It can attack on different levels, polemical, political and practical; it can identify with a variety of oppressed groups; no one group is entirely dependent upon another; the victimisation of any one group strengthens rather than destroys the others; and there can be no positive identification of leaders.
Occasionally one group may incur the disfavour of others (as, for instance, current • activities at the LSE) but such disagreements help to produce coherent policies rather than in-fights and disintegration.
Eventually revolutionaries may bring about an intolerable situation (as did the suffragettes) where change must occur, or martial law announce civil strife. It depends upon both the agitators and the Establishment as to which solution is employed.
John Braine is too panicstricken to appreciate just how neatly the powers-thatbe have the situation tied up. Police and Press comfort the people, and vested interests and traditional values are strong enough barriers to withstand 'peaceful' reformation of our society. Bloody revolution would soon bring in the allies of Britain to reinstate the totalitarianism of Western democracy.
Though the altruism of the revolution may seem doomed, there remains the important function of student unrest, demonstrations, civil disobedience and militancy as criticism of the inherent corruption of capitalist society. Such public manifestations of anger and distrust provide a mirror reminding society of the ugliness beneath its make-up. A community is not what it thinks it is, but what it is revealed to be on close examination.
Social work done by students and others at a local level has acted as a reminder to residents that there are poor and lonely people amongst them, dossers, drug addicts and drop-outs, and that the arrogant self-righteousness of comfortable people has caused this misery.
The revolution is all about communication; even demonstrations and the resultant publicity serve as warnings of the oppression which our way of life has sanctioned for generations, making people more aware of the truth about their society. Mass media, the legal system, and the administration determine what should be known by the vulgar populace — students have the means of filling out gaps in the knowledge of the people, by researching and demonstrating and by agitating for justice.
.Responsibility of a Christian
It seems to me that the Christian has a special responsibility in this respect. Christ, you remember—that young Jewish rebel-martyr who looked like Che Guevara —devoted his life to the destruction of secular values, setting up in their place a community based upon mutual love and sympathy (agape). Don't we still have a duty to do thi—ours is a secular society after all.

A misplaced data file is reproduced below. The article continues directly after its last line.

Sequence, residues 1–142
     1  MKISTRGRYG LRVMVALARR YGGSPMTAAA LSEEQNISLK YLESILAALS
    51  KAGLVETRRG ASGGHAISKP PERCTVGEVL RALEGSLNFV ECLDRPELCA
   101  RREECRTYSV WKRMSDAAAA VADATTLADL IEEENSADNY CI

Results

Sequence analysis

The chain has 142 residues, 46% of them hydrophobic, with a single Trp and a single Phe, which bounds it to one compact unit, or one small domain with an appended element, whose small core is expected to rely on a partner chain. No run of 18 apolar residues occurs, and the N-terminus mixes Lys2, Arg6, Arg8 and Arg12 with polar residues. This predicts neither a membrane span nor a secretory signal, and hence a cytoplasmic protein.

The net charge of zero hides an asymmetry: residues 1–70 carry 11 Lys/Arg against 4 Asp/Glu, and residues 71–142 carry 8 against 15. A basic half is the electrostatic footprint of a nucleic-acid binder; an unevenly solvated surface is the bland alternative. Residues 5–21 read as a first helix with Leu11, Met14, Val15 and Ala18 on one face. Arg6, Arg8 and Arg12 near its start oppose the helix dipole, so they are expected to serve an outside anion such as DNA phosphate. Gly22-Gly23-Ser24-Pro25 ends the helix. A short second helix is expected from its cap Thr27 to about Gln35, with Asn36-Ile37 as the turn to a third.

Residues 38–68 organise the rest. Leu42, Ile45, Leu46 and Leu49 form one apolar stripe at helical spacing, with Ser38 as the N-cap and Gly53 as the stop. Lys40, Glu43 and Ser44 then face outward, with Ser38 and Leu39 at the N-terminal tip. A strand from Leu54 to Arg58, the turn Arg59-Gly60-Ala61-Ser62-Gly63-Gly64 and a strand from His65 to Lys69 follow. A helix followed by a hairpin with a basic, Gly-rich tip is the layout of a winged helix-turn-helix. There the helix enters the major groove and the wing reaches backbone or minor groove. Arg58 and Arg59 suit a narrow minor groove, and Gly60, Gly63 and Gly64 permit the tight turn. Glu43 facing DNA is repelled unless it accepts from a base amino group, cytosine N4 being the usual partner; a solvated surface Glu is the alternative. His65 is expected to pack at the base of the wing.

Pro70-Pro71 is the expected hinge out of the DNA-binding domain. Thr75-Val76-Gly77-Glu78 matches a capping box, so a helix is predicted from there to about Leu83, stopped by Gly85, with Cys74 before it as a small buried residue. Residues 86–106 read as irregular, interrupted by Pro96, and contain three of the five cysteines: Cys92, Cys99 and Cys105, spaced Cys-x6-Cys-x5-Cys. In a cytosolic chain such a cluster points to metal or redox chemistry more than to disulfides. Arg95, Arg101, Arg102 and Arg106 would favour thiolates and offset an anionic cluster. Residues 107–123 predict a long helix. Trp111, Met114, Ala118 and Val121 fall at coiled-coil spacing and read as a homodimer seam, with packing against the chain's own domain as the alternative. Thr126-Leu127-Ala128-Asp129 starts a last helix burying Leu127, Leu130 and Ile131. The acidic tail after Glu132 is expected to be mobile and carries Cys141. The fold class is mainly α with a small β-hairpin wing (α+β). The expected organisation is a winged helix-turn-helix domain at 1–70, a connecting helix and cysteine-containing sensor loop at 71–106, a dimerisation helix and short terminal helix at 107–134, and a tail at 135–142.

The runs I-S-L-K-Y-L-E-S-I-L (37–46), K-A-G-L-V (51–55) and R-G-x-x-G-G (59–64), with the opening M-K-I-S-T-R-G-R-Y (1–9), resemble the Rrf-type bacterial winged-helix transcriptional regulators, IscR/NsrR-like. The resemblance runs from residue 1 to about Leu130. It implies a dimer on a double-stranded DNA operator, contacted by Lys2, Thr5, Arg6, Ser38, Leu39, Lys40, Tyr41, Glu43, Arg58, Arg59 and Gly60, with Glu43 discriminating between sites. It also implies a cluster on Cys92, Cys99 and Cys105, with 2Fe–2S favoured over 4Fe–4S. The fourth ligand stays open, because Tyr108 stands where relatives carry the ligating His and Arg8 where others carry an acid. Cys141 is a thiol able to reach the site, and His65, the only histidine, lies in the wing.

The conversion or commitment process through which we give ourselves to Christ is a personal revolution—we reject the values of the world, attempting to transcend the social and cultural limitations placed on us by the world. Christ's death was a revolution because He rose again, the most perfect person in that ultimate communication which is the intention of faith—atonement with God. We achieve the salvation He offers us by fulfilling the potential of our humanity. Our whole lives are concerned with communication with our environment, and between ourselves and God. It follows therefore that we should further communication between people instead of oppressing others for our own benefit.
Liberating way of life
Christianity is all about finding a liberating way of life, a social pattern which enables man to realise his human worth and not be exploited for his economic value. This is revolution.
Because revolution is an unpleasant procedure, and requires selfless devotion. it is rejected by officialdom, and brutally suppressed. Christ was rejected and crucified. He never said His way was easy but He trusted in man's humanity. Today's revolutionaries are idealistic, but they share this faith.
A radical transvaluation of values, the emergence of a new society, and the destruction of the supremacy of money will take a long time. Like Christian unity it is prevented by the selfishness and petty scruples of comfortable people, and will need continual reassessment as old corruptions creep back.
Nevertheless, despite the hardship involved, the sacrifices required, and the fear which restrains every advance into the unknown, the revolution must come. Because it alone means liberation, means peace, means hope.